February 15 – March 18, 2018
The Art and Craft Museum in collaboration with the Italian Institute for Culture in Zagreb with Italian Light presents to the Croatian public outstanding examples of Italian design in the field of home lighting from the early 1950s to the end of the 90s of the 20th century from the Cortopassi Collection. The exhibition curator is signed by Studio Archeo900 from Ferrare.
The selected avant-garde lamps clearly point out one of the most important and most pertinent features of Italian design in the area of home lighting – it was never just functional and even less conditioned by production laws.
Designing projects were always interwoven with deeper inquiries, which resulted in the final product and the thought dimension.
All the architects and designers who worked in the period since the end of World War II have worked completely free and unhindered until today. Designing a lamp, an object that regulates intangible appearance-light, has enabled this branch of design to explore and express not only functionality, but also the profound aspects of human nature and the connection of man to the world.
In this regard, the lamp exhibition presents a privileged view of Italian design and its theoretical set-up through three key periods.
In the period from 1950 to 1965, the field of lighting technology and its production is being developed. This is the transition from a handful of craft companies engaged in the production of lamps outside the historical tradition of dividing the markets of modern serial furniture between small and medium-sized companies.
The slogan is the functionalism that comes from Northern Europe and represents a new cultural background that is opposed to the legacy of traditional historical styles very present in Italy after the Second World War.
However, the interpretation of the subject and their functionality has been very complicated and elaborated from the outset.
The criterion of functionality, on the one hand, is used to break the bonds with legacy of the past, and on the other, it opposes the education of Italian designers who, after the Second World War, operate in Milan, a town that draws ideas and collaborations between artists, architects and writers.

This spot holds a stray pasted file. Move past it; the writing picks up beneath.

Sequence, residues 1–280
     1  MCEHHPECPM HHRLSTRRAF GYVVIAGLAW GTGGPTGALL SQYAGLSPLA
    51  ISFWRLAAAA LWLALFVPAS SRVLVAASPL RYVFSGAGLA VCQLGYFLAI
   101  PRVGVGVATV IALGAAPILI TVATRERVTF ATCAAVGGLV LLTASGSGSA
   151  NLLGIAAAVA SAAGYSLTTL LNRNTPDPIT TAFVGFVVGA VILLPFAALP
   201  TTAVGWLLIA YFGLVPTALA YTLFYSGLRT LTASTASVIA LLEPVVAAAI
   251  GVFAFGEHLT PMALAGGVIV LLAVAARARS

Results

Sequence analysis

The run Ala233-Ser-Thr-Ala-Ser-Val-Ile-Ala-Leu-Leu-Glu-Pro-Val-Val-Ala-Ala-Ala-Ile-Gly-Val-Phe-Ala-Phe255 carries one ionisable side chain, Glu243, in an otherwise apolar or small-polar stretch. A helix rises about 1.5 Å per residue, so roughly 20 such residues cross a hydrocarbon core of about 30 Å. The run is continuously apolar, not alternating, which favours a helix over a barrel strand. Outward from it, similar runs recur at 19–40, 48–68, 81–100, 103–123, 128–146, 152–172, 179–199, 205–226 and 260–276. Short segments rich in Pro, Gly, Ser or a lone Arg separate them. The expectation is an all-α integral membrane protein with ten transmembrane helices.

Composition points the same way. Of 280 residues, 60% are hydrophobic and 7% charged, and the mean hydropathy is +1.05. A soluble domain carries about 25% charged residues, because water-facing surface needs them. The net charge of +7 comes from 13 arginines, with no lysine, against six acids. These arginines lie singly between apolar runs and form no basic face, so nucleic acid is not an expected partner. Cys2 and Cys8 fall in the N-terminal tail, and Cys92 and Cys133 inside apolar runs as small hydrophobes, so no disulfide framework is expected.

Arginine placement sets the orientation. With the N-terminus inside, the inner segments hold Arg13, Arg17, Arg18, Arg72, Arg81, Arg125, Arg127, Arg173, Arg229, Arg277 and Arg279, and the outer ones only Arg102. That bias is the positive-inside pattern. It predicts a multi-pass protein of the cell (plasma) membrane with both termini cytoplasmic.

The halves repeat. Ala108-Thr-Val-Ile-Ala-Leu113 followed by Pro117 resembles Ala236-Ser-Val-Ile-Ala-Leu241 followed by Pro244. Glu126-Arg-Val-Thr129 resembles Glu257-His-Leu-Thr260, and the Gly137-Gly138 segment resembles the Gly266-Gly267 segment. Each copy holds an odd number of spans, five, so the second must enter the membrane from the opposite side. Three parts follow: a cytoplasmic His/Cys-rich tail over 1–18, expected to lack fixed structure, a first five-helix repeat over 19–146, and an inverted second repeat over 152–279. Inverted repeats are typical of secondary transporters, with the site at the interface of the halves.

In the period from 1965 to 1980, the design of lighting fixtures is not only the solution to the technical problem of proper lighting, but the questioning of functional customs through a new look at the world, society and the fate of design design itself. The shape of the lamp and the light effect it gives embraces such a symbolic function, expressing and offering a broader concept.
Light thus gains new value: not only illuminates the real objects, defeating the dark, but also reveals and approaches the complex intangible reality.
This profound change in the field of design of these years evolves in various theoretical directions, based on the conceptual and critical design (E. Sottsass Jr., Archizoom and Superstudio) of the pop matrix in the Mediterranean cultural context (Chiara’s lamp, Bellini’s Bell and “Profiterole” Sergia Astija), and finally, a scientific and experimental approach to the movement of Arte Programme (Gruppo Dam, Gruppo ARDITI, New Lamp Marija Venta).
Foul and discordant colors, strong textures of plastic surfaces, imbalances in form, different materials that are not imitated, represent great freedom of shaping in the period 1980 to 2000.
Their original aim is not to find decorative, playful signs that would be contrary to the purpose of the subject, but to give the methodological openness of the project to present a society that is no longer homogeneous, static and one-dimensional, but discontinuous and in constant transformation.
This break with rationalistic and functional current in design, and the confirmation of the necessity of pure research, the liberalized market law, was a clear sign of opening new generations at the international level. The foundations for a contemporary design are created today, characterized by global cultural exchanges and a complex number of choices.
Projects such as postmodernist work by Aldo Rossi, Kazuik Takahame, material eclecticism by Tony Corder and dramatic symbolism of Gaetan Pesce will be exhibited.